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Mightier than the Sword: 10 Women Journalists Making a Difference

In the time of 24-hour news channels and instant updates on Twitter, it might seem that hard-hitting, meaningful journalism has gone by the wayside. However, modern broadcasters and social media mavens still rely on the hard work of expert print and online journalists for their information. As women continue to make strides in journalism, more and more of America’s most important reporters and editors are women. Whether they’re diving deep into a promising lead or directing their staff from the editor’s chair, these 10 women journalists are changing the face of the business for the better.

1. Carol Duhurst Leonnig

A reporter for the Washington Post, Leonnig has documented some of the biggest stories of the 21st century. Early in her career, she delivered searing reports on the treatment of detainees at Guantanamo Bay. She also detailed the saga of the Obama administration, which ignored all warning signs that solar panel manufacturer Solyndra was about to sink. She has won multiple Pulitzer prizes for her pieces on NSA spying, the failures of the US Secret Service, and Russian interference in the 2016 election.

2. Samhita Mukhopadhyay

Feminist Bengali author Samhita Mukhopadhyay got her start in the online world of blogging. She rose to fame as editor and writer for the popular Feministing blog, where she frankly discussed issues like race and sexism. More recently, she brought her brand of feminism to Teen Vogue, where she was appointed the executive editor.

3. Carol Marbin Miller

A Florida journalist on a mission, Marbin Miller has dedicated her career to exposing the ills in the state’s social services sector. From hard-hitting pieces on the abuses in the Florida Department of Children and Families to a shocking expose of Florida’s assisted living facilities, Marbin Miller has detailed multiple stories that have prompted a massive reworking of state laws. She has received several awards for her work, as well as being named a Pulitzer Prize finalist.

4. Atossa Araxia Abrahamian

A citizen of the world, Swiss-American journalist Atossa Araxia Abrahamian has a unique insight into the lives of desperate stateless persons worldwide. With her inventive reporting and thorough research, she uncovered an underground market in the United Arab Emirates where marginalized individuals receive citizenship from small countries while being refused recognition in their homeland.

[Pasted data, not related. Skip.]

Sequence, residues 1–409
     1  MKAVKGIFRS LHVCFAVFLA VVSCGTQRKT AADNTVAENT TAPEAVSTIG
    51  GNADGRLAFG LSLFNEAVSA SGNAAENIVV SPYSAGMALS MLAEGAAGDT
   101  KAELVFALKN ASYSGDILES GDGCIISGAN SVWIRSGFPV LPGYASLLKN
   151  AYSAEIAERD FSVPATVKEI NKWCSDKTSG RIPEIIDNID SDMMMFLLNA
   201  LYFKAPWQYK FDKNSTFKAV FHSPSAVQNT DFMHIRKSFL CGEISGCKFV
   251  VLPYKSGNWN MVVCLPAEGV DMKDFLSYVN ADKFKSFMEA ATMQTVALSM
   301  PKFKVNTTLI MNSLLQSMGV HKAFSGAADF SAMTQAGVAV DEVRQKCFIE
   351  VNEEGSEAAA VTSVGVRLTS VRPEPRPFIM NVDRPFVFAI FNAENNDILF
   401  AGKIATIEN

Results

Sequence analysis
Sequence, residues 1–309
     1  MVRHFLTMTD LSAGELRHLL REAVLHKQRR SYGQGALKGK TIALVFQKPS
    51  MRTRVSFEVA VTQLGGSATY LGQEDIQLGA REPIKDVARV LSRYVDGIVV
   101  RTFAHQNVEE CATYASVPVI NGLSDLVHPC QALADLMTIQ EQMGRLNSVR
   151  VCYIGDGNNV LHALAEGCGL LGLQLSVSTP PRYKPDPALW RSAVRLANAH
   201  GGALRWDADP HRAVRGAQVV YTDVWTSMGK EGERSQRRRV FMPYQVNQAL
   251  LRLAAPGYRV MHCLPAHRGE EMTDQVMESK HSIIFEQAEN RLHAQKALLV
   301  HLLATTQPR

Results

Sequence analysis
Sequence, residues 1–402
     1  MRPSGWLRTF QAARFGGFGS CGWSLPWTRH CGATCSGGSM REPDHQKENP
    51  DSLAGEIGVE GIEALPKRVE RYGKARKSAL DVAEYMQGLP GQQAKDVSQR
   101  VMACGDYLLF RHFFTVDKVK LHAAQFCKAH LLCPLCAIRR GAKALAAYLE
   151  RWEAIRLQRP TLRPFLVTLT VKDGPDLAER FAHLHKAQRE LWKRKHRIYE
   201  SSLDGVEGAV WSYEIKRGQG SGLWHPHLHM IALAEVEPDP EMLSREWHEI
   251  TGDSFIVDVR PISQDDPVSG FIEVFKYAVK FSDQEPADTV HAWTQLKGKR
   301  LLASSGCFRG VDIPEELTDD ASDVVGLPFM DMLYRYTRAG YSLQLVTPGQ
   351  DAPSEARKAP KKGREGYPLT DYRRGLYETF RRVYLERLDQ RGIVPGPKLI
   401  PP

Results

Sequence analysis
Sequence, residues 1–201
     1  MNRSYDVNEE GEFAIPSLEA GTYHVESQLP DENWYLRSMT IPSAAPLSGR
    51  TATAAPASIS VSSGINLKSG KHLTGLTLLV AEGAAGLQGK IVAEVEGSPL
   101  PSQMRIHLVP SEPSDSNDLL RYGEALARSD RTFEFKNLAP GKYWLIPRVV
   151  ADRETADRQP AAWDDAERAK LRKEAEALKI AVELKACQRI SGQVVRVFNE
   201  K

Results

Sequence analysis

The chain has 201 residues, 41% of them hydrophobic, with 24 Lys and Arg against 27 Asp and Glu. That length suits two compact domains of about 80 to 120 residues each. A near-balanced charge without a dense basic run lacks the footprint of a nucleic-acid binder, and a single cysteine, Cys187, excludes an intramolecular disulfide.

5. Rachel Kaadzi Ghansah

A former teacher and graduate of Columbia University, Ghansah won accolades for profiling famous black American women like Toni Morrison and Missy Elliott. She has written for a wide variety of publications, including Rolling Stone and the New York Times magazine. However, it was her in-depth work covering the aftermath of the tragic church shooting in Charleston, South Carolina, that cemented her reputation and earned her a Pulitzer Prize in feature writing.

6. Leonora LaPeter Anton

Over her long career, Leonora LaPeter Anton has worked at a variety of Southern newspapers, including the Tallahassee Democrat and the Savannah Morning News. However, it was her work for the Tampa Bay Times that won her accolades in the journalism community. Often focusing on forgotten communities like the mentally ill and ex-cons, Anton became known for giving a voice to the voiceless. Her investigative work on the poor conditions in Florida’s mental health treatment facilities earned her a Pulitzer in 2016.

7. Naveena Sadasivam

One of American journalism’s rising stars, Sadasivam is a graduate of NYU’s Science, Health, and Environmental Reporting (SHERP) program. Using her background in chemical engineering, she has carved out a niche for herself at the Texas Observer, reporting on science and climate news. While working with a team of writers at ProPublica, she was named a Pulitzer finalist for her series on water scarcity in the Southwestern US.

8. Ziva Branstetter

An Oklahoma native, Branstetter has worked in every sector of journalism, from old-fashioned newspapers to online-only news websites. Focusing on local politics, Branstetter has worked hard to keep Oklahoman politicians honest with her unexpected leads and inside scoops. She single-handedly changed the state’s policy on capital punishment with her exposé of Clayton Lockett’s disastrous execution, a series that garnered her multiple awards.

9. Duaa Eldeib

Eldeib knew she wanted to be a journalist when she first began reporting in high school. As a reporter for the Chicago Tribune, she fulfilled her lifelong dream by focusing on the oppressed and the underserved people of Illinois. During her tenure at Chicago’s biggest newspaper, she has uncovered government corruption and problematic issues in the prison system. In 2015, she was part of an investigative team that won a Pulitzer for uncovering child abuse in the state’s residential treatment facilities.

10. Alia Malek

With her unique perspective as a Syrian-American, Malek has helped to clarify and explain the Syrian Civil War for American readers. A former civil rights lawyer, Malek won the coveted Hiett Prize in the Humanities in 2016, allowing her to pen The Home That Was Our Country, a popular nonfiction book depicting Syria before the civil war.

Whether they are analyzing a complicated conflict or revealing severe systemic abuses, these women journalists are changing the face of the field. They bring hidden stories and injustices to the attention of the public with a combination of hard work and eloquent prose. As non-traditional media rise to the forefront, these journalists prove that there is still a place in the modern world for thoughtful, thorough journalism.